had an anchor on their insignia, but enlisted personnel
are now receiving them as well. Commanding officers have titles of capitaine
, but are called commandant
(in the army, both capitaine
are ranks, which tends to stir some confusion among the public). The two highest ranks, vice-amiral d'escadre
), are functions, rather than ranks. They are assumed by officers ranking vice-amiral
). The only amiral de la flotte
(Admiral of the Fleet
) was François Darlan
after he was refused the dignity of amiral de France
(Admiral of France
). Equivalent to the dignity of Marshal of France
, the rank of amiral de France
remains theoretical in the Fifth Republic
; it was last granted in 1869, during the Second Empire
, but retained during the Third Republic
until the death of its bearer in 1873. The title of amiral de la flotte
was created so that Darlan would not have an inferior rank than his counterpart in the British Royal Navy
, who had the rank of Admiral of the Fleet
Unlike in the French Army
and air and space force
, one does not prepend mon
to the name of the rank when addressing an officer (that is, not mon capitaine,
but simply capitaine
Addressing a French Navy lieutenant de vaisseau
(for instance) with a "mon capitaine
" will attract the traditional answer "Dans la Marine il y a Mon Dieu et mon cul, pas mon capitaine!
" ("In the Navy there are My God and my arse, no 'my captain'!")
The Toulon band in Brest
The main military musical unit of the French Navy is the Band of the Toulon
: La musique des équipages de la flotte de Toulon
), founded on 13 July 1827.
The Bagad Lann Bihoue
, based on the bagad
bands in Bretagne
, is currently the sole bagpipe
band in the French Navy.
On 9 January 2014 it was announced that the two remaining Batrals
in French service would be replaced in 2016/17 by three 1500-tonne (empty) Bâtiments Multimission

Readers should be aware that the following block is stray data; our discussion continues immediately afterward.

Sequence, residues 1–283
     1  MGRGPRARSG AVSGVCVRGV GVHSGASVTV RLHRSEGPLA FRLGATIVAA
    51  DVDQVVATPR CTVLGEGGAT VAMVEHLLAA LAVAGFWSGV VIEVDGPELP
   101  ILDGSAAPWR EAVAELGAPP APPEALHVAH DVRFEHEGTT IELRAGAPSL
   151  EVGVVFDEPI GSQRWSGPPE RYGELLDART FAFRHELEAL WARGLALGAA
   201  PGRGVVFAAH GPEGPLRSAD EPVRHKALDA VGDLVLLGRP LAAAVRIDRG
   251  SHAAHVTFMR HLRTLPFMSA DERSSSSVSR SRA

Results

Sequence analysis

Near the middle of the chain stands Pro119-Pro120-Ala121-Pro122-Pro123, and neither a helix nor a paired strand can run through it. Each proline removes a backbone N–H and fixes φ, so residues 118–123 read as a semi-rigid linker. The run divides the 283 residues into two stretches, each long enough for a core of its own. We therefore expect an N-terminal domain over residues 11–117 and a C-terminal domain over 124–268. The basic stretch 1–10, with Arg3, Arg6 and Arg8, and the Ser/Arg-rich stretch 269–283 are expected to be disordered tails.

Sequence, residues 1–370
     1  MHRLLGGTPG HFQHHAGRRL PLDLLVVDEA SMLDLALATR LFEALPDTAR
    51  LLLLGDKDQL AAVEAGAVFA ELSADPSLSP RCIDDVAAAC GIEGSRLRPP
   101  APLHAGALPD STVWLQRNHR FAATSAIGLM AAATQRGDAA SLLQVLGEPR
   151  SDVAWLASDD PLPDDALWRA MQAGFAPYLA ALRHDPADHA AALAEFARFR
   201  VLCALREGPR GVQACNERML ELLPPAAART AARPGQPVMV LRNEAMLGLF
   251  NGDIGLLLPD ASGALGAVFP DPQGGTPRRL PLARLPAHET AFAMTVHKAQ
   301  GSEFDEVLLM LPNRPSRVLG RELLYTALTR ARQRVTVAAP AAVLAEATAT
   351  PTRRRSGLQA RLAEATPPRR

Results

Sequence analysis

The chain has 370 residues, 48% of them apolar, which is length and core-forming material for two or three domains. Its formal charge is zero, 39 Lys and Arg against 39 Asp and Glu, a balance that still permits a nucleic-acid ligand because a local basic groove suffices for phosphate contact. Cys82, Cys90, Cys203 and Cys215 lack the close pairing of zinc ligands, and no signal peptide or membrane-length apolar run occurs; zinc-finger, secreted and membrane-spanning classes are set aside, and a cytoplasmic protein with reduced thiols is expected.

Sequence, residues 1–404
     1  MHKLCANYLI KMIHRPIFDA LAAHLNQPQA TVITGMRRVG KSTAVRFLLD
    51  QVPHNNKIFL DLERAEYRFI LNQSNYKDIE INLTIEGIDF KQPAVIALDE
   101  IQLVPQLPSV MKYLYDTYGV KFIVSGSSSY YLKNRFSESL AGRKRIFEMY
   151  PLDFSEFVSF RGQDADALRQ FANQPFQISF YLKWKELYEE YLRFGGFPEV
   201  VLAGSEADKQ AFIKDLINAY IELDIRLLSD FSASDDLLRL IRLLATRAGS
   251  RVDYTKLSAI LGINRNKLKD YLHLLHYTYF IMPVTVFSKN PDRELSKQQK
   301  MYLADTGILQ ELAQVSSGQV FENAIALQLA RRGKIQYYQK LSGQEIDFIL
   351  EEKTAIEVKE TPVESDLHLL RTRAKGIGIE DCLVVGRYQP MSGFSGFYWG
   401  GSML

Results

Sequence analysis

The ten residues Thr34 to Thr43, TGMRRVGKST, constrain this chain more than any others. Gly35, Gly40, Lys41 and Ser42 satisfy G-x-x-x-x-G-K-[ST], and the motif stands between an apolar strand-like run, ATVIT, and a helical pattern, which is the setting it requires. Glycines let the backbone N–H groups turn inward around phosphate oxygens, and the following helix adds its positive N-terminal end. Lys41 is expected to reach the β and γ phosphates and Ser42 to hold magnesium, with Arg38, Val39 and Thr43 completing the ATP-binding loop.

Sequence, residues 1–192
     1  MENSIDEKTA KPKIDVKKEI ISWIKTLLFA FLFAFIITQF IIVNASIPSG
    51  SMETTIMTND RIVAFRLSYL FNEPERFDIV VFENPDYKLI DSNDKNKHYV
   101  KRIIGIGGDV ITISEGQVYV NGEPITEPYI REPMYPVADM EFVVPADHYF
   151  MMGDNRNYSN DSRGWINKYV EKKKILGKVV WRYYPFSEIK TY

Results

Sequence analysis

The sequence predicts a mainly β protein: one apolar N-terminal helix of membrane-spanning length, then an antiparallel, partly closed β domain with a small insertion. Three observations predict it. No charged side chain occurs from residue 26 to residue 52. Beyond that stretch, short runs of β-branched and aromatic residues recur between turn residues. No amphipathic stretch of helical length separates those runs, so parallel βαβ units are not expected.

(B2M) at a cost of ~€100m (US$136m), later increased to four.
DCNS has funded the construction of the Gowind-class corvette L'Adroit
and loaned her to the MN for fishery patrols to support an overseas marketing campaign for the design. The Durance class
will be replaced under the FLOTLOG project by four derivatives of Italy's Vulcano-class logistic support ship
, to be delivered in 2022–29.
along with four BSAH offshore support vessels. Construction has started on the first of six Barracuda-class nuclear attack submarines
; commissioning of Suffren
took place in 2020. The first MM40 Exocet
Block 3 missile was test-fired in 2010 to be produced. Naval versions of the SCALP EG
land-attack cruise missile are under development, along with a planned Aster Block 1NT
with greater capabilities against ballistic missiles.
In October 2018, the French Ministry of Defence launched an 18-month study for €40 million for the eventual future replacement of the French aircraft carrier Charles de Gaulle
beyond 2030. A decision for the new carrier is scheduled to take place beyond 2025, and the future carrier is to remain in service until beyond 2080.
French naval officers
Heroes of the First Republic
Other important French naval officers
Notable people who served in the French Navy
- Marcel Cerdan, world boxing champion during the 1940s
- Jean Cocteau, poet, novelist, dramatist, designer, playwright, artist and filmmaker
- Jean Cras, composer
- Jacques-Yves Cousteau
- Philippe de Gaulle, the son of the general Charles de Gaulle
- Alain Delon, actor, served as a fusilier marin in the First Indochina War
- Bob Denard, a mercenary notorious for coup attempts and wars in Africa
- Jean Gabin, another major French actor, he joined the free French naval force during the Second World War
- Paul Gauguin, painter, sculptor, print-maker, ceramist, and writer
- Bernard Giraudeau, actor, film director, scriptwriter, producer and writer
- André Marty, a leading figure in the French Communist Party from 1923 to 1955
- Albert II, Prince of Monaco, reserve Lieutenant Commander
- Pierre Loti, mostly known for his literary works
- Albert Roussel, composer
- Michel Serres, philosopher and author
- Eric Tabarly, yachtsman
- Victor Segalen, ethnographer, archaeologist, writer, poet, explorer, art-theorist, linguist and literary critic
- Eugène Sue, a famous 19th-century novelist
- Paul Emile Victor, an ethnologist and polar explorer
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Last edited on 5 June 2021, at 23:36